The Faithful Tribe

Ruth Dudley Edwards (HarperCoIIins £17.99) * t *

Orangemen, and their ilk, have not had the most positive of images in recent years with many people’s obvious reference point being the ballistic tones of Ian Paisley. Ruth Dudley Edwards sets out, not so much to convert, but to enlighten.

The Faithful Tribe delves very deeply into the world of Loyalism: a world which many presume to know about but in reality have little knowledge of. Dudley Edwards' building of close links with those involved in the groups means that she has gained access where others before may have failed.

Her view of the Orangemen is from both a national and global perspective, providing part


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Orange disorder: The Faithful Tribe

history lesson, part anthropological study on Orangism and its development, continuation and demise around the world. At times, this gives the book an academic flavour the portion profiling the specific activities of an Orangeman being a necessary, if a somewhat over-long,


In her study of the minutiae of the lives of Orangemen and their families and the political situation they are in, she manages to draw some conclusions about the political solutions to the country’s troubles. It would appear that the overall point, however, was not to argue the toss over politics, but to show a side of a hitherto unexposed 'tribe'. And this, she achieves with fervour. (Mark Robertson)

; methods of treatment and a pair of

' child abuse victims with whom they

come into contact. There is much in

the way of horrific violence and brutal

mind games along the way as the truth

, about Dr Curtis Sad is steadily revealed.

It’s not breezy reading and it may

leave you with a variety of sensations

in your mouth, and you are unlikely to

1 want to go near it again for a lengthy : period of time but Scar Culture and

Toni Davidson cannot be ignored. (Brian Donaldson)


5 Krissy Kays (Penguin £6.99) *

5 However you feel about young

travelling folk in dreadlocks who hang around our commons with dogs secured by bits of string, you’ve got to admit that their itinerant and simple lifestyle should make good material for a novel.

Kays picks up her story with the character of Heidi, a new arrival on the site of the novel’s location, who is harassed by dogs, children and other hippies to the point of despair. She overhears a conversation about a woman who recently died on site whose body has simply been left unburied in the woods and, assisted by a ghostly child who appears fitfully around the area, she searches for the corpse in order to afford it a decent internment.

Kays fails to follow this storyline with any consistency or coherence. Instead we are treated to multiple subjective narratives from the other people around the site, from drug-abusers to vacuous hippy-chicks even the animals are given dialogue, though it's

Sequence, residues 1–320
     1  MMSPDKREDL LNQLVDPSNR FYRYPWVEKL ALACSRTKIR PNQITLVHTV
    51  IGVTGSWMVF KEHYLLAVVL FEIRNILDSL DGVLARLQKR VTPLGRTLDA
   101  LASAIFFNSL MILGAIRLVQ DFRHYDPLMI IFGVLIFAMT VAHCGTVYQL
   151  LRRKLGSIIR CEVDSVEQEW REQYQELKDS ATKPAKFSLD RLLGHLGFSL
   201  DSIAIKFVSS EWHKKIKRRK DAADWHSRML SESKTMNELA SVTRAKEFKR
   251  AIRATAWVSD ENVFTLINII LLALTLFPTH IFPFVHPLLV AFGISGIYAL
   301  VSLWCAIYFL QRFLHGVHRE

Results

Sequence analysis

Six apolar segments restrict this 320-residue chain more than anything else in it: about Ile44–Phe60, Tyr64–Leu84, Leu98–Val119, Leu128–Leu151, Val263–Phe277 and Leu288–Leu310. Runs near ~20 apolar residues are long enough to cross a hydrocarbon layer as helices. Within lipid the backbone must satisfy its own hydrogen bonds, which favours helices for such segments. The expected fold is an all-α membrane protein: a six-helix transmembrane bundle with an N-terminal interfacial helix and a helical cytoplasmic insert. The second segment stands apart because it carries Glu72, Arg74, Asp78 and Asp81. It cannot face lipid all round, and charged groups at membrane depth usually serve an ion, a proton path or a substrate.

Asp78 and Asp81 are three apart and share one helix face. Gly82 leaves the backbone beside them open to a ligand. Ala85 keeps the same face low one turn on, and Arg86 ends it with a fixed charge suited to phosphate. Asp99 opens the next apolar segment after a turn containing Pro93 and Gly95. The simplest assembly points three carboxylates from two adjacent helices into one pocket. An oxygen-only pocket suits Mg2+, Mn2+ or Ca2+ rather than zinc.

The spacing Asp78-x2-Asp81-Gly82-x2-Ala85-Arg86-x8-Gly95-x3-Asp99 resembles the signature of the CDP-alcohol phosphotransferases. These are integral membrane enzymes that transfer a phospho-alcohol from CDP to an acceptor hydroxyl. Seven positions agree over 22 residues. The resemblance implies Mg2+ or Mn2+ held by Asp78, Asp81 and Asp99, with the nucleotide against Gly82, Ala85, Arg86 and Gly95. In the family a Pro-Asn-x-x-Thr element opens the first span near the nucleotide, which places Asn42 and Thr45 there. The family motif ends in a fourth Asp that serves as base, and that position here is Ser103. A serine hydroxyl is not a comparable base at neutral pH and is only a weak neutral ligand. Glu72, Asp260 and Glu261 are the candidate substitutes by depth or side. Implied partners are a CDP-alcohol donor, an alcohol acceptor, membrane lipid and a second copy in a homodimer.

: no more lively than that of the

humans. (SC)


The Tesseract

Alex Garland (Penguin £6.99) ****

5 For anyone who sprinted, like the

pooch on its cover, for a copy of The Tesseract solely on the evidence of The Beach, a surprise lay ahead.

Set in the rich and not so affluent areas of Manila, the lives of three very different sets of characters are interlinked and interdependent on one another. Whether this idea gave Alex Garland his conceptual title or vice versa is unclear. Gangsters come into conflict after a shipping deal dies in the water; a pair of street urchins exchange the secrets of their dreams for cash; and Rosa sits in wait for her husband’s return, memories of better days taunting her.

The ending may leave you feeling a little deflated that there’s no more to come and there may be too much ’significance' being attached to this simple story by author and critics alike, but it won’t stop you going back to this thrilling gem again and again. (Brian Donaldson)


Steve Cramer, Thorn Dibdin, Brian Donaldson, Dawn Kofie, Damien Love, Teresa Lowe, Hannah McGiIl, Mark Robertson, Minnie Scott

STAR RATINGS *hth Outstanding 1r * t * Recommended * t it Worth a try * * So-so * Poor


Waterstone’s Glasgow

BOOKS Authors at


Street in July

TUE TONY PARSONS 3 Man And Boy” figm The Scottish launch of his first novel ' in over 10 years, join us for a glass of wine to hear Tony discuss his new book. Tickets £2/£1 (redeemable against price of the 170012) WED TIMOTHY MO Renegade or HaloZ” ———JUL Three times shortlisted Booker prize 7.00 PM . . . writer, Timothy Mo launches his new novel this evening. Tickets £2/£1 (redeemable against price of the book) TUE ALAN SPENCE 2 O « Way To Go” 7% A bestseller in hardback, join us for ' the official launch of the paperback with a glass of wine and Alan doing readings and signings. Free Event. WED SCOTTISH POET’S NIGHT JUL , 700 pM Waterstones and Canongate

Publishers present four poets whose work will move you wildly from tears to laughter. Join us for what promises to be an exhilirating evening with Brian McCabe,

Dilys Rose, Kevin MacNeil and Janet Pailsey.

Free Event

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0141 332 9105

8-22 Jul 1999 THE U989